The man who as Defence Minister approved SAS raids in Afghanistan says further investigation is needed to find out if civilians died and to acknowledge those deaths properly if they are confirmed.

Wayne Mapp was Defence Minister at the time of the raids in Baghlan province in 2010 and was briefed before and after the SAS operations.

In a lengthy post on the Pundit website today, Mapp said he had no doubt New Zealand soldiers acted to the highest ethical standards.

However, from briefings provided to him after the 2010 raids he knew the operation, called Operation Burnham, had not achieved its stated aims of arresting or "otherwise dealing with" the insurgents leading Taliban operations against the provincial reconstruction team.

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Hit & Run by journalists Jon Stephenson and Nicky Hager claims six civilians were killed and 15 were injured in the raids. The NZ Defence Force (NZDF) says nine insurgents died and there may have been civilian casualties after a misfiring gun on a US helicopter sprayed a building.

Hit & Run asserted Mapp had described the raids as a "fiasco", although the book did not quote him, and after its release he confirmed he had used those words.

In an essay published on Pundit today, Mapp said his role as Defence Minister meant he also knew people had been killed during Operation Burnham, and these were people acting as insurgents.

However, after he had retired from politics he saw a documentary by Stephenson broadcast by Maori TV in 2014, and said it became clear it was possible there were other casualties from the raids, including a 3-year-old girl, named in Hit & Run as Fatima.

Mapp confirmed he had previously been interviewed by Stephenson and he "told me enough about what had happened for it to be believable even if it was not fully proven".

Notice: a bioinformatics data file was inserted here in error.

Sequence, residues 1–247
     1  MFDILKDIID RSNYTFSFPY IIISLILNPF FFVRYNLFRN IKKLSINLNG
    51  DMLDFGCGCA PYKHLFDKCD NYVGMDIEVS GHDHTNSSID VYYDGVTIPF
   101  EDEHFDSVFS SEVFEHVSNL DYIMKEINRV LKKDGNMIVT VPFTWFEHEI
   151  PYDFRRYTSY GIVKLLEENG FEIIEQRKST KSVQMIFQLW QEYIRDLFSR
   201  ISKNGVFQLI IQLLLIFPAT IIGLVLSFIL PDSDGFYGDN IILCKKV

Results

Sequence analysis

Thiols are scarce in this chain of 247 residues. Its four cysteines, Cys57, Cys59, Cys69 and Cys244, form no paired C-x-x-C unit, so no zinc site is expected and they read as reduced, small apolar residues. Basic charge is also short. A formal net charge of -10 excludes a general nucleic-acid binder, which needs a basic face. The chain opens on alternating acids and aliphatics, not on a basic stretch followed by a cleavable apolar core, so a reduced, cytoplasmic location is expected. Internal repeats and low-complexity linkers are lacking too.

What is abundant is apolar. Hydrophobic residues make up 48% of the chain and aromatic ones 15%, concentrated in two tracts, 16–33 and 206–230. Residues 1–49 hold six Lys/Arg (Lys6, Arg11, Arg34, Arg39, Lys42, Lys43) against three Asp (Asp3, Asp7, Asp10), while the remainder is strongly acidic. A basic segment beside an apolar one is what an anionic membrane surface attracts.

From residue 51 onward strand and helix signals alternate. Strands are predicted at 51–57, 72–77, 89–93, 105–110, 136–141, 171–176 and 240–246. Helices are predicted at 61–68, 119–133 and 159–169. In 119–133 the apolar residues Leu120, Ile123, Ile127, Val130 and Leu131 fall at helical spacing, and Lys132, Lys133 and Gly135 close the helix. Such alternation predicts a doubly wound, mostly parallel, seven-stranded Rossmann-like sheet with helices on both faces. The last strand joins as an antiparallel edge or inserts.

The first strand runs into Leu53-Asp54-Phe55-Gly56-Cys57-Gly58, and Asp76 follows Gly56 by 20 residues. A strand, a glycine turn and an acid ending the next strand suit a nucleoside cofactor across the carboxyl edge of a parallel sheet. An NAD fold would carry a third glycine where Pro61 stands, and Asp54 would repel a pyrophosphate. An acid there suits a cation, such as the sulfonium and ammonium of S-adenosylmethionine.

"The law of armed conflict accepts that civilian casualties might occur in military operations, and in many cases there is no legal liability for them, particularly if they were accidental," Mapp wrote on Pundit.

"But for New Zealand, is that the end of the matter? Do we hold ourselves to a higher standard?

"For me, it is not enough to say there might have been civilian casualties. As a nation we owe it to ourselves to find out, to the extent reasonably possible, if civilian casualties did occur, and if they did, to properly acknowledge that."

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Stephenson and Hager, Labour, the Green Party, New Zealand First and United Future have all called for an inquiry into the allegations in Hit & Run, as have lawyers acting for Afghani villagers.

Mapp said getting to the bottom of the allegations did not necessarily require an independent investigation.

Rather, information was most likely to be forthcoming through diplomatic approaches to the Afghan government and non-government organisations on the ground in Afghanistan.

Despite the NZDF maintaining Hit & Run contained major inaccuracies including the location of the raids, and Hager and Stephenson's subsequent admission the location given for the villages in the book was incorrect, Mapp said the accounts of the NZDF and the two journalists were reconcilable.

That was because NZDF had now recognised that civilian casualties may have occurred.

Mapp concluded by saying New Zealanders have good reason to be proud of the professionalism of its defence forces.

"The SAS are among the most highly trained and respected soldiers in the world. In our name, we ask them to undertake the most hazardous military missions, often deep within enemy-held territory.

"They have an absolute right to defend themselves against attack. The risk of capture of our soldiers by the Taliban would be beyond contemplation.

"Part of protecting their reputation is also finding out what happened, particularly if there is an allegation that civilian casualties may have been accidentally caused.

"In that way we honour the soldiers, and also demonstrate to the Afghanis that we hold ourselves to the highest ideals of respect of life, even in circumstances of military conflict."

New Zealand First leader Winston Peters said the NZDF's integrity had been seriously challenged by the Hit & Run allegations and he agreed with Mapp to the extent further investigation was needed to provide certainty about what happened.

"We need to clear the decks here," Peters said. "There has been a less than compelling response from NZDF."

Peters said he was concerned with the facts and not judging Mapp's decision to talk to Stephenson, but said the former Defence Minister was motivated by a "desire to tell the truth as he sees it".